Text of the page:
The Welsh government doesn't yet operate a national postgraduate loans or scholarship scheme for all postgraduate courses, but it does distribute public funding to universities. This may be used to fund studentships.
Many of Wales’s universities are also well-endowed with postgraduate funding from other sources.
The Higher Education Funding Council for Wales (HEFCW) is the body responsible for distributing public funding to universities in Wales. HEFCW does not support students directly. Instead it provides blocks of financial support to universities who use some of this to fund places on their Masters programmes.
More information on the way HEFCW funding supports postgraduate taught courses is available at the HEFCW website.
The best way to investigate the possibility of HEFCW funding as a student is to first find a Masters in Wales that interests you before inquiring with your prospective university about the availability of HEFCW-funded places (or other forms of support).
As its name stuggests, Student Finance Wales provides government support for students studying in Wales.
The majority of this funding is targeted at undergraduate programmes, but some support is available for postgraduate initial teacher training.
Funding for Masters programmes and other postgraduate courses in Wales is also available from a range of other sources.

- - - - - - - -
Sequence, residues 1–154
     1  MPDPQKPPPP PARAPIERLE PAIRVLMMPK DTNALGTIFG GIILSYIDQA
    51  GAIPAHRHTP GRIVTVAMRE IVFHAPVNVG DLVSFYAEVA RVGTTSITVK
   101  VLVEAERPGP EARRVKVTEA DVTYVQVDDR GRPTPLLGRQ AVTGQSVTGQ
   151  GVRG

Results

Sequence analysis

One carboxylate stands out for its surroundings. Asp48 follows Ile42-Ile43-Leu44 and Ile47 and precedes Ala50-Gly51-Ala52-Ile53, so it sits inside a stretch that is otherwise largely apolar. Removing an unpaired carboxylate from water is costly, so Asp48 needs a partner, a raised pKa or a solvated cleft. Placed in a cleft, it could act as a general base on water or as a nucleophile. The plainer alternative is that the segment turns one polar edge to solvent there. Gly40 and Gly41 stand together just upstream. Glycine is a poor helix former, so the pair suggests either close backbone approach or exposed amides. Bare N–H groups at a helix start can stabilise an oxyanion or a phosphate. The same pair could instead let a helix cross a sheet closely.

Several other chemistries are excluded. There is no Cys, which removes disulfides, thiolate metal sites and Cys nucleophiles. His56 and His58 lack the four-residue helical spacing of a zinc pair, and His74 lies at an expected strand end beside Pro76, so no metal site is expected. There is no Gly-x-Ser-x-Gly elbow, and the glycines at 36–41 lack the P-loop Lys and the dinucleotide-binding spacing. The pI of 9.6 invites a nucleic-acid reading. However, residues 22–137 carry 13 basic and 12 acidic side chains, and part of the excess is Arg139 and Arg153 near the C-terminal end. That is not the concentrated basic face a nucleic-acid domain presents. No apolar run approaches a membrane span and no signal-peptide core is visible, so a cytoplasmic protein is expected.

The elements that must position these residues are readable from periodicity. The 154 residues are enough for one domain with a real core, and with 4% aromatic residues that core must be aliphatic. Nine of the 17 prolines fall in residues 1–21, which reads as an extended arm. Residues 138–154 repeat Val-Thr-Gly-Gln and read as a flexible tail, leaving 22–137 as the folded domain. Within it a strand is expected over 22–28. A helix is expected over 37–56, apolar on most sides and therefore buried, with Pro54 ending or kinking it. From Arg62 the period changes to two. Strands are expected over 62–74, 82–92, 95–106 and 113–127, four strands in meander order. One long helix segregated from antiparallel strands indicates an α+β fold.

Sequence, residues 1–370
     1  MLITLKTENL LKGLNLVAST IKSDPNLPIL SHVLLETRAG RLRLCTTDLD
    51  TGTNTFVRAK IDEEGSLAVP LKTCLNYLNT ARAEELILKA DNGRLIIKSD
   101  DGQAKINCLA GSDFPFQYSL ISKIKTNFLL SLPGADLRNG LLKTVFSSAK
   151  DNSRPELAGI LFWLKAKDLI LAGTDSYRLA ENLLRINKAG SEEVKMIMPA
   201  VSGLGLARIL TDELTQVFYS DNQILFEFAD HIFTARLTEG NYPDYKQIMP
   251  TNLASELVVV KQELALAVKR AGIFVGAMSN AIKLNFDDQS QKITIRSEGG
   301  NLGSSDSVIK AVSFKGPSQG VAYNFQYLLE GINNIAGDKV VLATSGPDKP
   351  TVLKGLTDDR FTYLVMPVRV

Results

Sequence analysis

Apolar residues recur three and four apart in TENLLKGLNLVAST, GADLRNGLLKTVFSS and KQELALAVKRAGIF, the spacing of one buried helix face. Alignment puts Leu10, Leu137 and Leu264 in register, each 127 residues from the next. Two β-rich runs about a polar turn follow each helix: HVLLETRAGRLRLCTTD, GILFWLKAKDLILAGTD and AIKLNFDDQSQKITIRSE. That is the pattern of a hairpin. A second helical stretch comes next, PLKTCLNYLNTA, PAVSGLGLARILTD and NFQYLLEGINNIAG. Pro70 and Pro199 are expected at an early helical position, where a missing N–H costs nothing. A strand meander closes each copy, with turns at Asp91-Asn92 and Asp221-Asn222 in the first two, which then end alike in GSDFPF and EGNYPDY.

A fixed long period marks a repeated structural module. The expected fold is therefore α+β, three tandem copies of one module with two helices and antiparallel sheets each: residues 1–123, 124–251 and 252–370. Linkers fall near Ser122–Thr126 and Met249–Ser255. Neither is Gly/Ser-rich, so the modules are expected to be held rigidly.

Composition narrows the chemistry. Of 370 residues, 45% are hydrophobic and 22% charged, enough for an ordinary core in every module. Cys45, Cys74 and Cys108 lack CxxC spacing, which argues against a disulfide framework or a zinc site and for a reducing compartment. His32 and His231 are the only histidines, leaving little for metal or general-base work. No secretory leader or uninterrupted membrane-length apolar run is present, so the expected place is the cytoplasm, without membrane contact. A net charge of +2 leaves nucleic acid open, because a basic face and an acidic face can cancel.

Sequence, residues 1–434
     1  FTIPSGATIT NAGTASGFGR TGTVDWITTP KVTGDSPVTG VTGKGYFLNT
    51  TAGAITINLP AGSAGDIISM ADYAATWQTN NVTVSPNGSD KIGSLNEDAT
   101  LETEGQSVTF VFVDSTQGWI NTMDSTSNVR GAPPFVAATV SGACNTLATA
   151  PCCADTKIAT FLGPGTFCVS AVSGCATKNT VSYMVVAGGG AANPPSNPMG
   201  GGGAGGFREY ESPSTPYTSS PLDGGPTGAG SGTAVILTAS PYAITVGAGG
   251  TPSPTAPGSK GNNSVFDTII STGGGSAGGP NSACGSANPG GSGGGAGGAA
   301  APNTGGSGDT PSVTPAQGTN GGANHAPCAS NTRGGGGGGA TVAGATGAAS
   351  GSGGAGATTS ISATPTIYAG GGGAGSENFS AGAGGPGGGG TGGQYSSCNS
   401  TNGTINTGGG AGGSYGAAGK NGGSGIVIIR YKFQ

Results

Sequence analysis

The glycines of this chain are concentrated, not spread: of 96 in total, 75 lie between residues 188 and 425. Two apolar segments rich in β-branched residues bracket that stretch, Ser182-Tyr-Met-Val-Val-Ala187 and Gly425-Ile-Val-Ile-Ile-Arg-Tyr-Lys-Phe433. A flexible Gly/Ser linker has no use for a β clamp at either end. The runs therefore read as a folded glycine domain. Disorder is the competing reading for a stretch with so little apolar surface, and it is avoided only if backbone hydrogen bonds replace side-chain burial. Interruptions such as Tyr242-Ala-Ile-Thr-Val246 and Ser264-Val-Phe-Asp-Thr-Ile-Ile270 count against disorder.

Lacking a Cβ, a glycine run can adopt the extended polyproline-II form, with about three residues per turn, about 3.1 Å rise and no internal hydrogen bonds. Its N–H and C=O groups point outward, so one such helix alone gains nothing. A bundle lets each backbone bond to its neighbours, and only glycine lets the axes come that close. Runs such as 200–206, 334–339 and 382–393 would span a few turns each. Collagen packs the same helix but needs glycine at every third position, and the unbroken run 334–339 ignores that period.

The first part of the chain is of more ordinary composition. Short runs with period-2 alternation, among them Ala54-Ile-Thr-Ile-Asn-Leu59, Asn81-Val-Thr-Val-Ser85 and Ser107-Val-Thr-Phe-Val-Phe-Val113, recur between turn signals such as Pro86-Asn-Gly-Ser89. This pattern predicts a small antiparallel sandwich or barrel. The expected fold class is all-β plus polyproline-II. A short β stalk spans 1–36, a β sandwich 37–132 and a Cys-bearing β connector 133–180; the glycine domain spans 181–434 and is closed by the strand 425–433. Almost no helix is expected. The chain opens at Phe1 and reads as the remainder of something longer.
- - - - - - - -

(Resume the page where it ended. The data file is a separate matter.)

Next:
Most of these schemes aim to increase the Welsh skill-base in target subject-areas or to widen participation in postgraduate education:
The Welsh Government is introducing its own postgraduate loans worth up to £10,280 in 2017. Further funding is also on the way from 2018.
Our full guide to postgraduate loans in Wales explains the proposals and answers questions about them.
Despite its small size in comparison to other UK member countries, the Northern Irish higher education system has much to be proud of.
Its oldest university is a respected member of the Russell Group of leading UK research universities and the country is also home to important research facilities such as the Northern Ireland Science Park.
The majority of funding for postgraduate courses in Northern Ireland is provided by the government via the Department for Employment and Learning.
The Department for Employment and Learning (DELNI) is Northern Ireland’s equivalent of the higher education funding councils that operate in other UK member countries.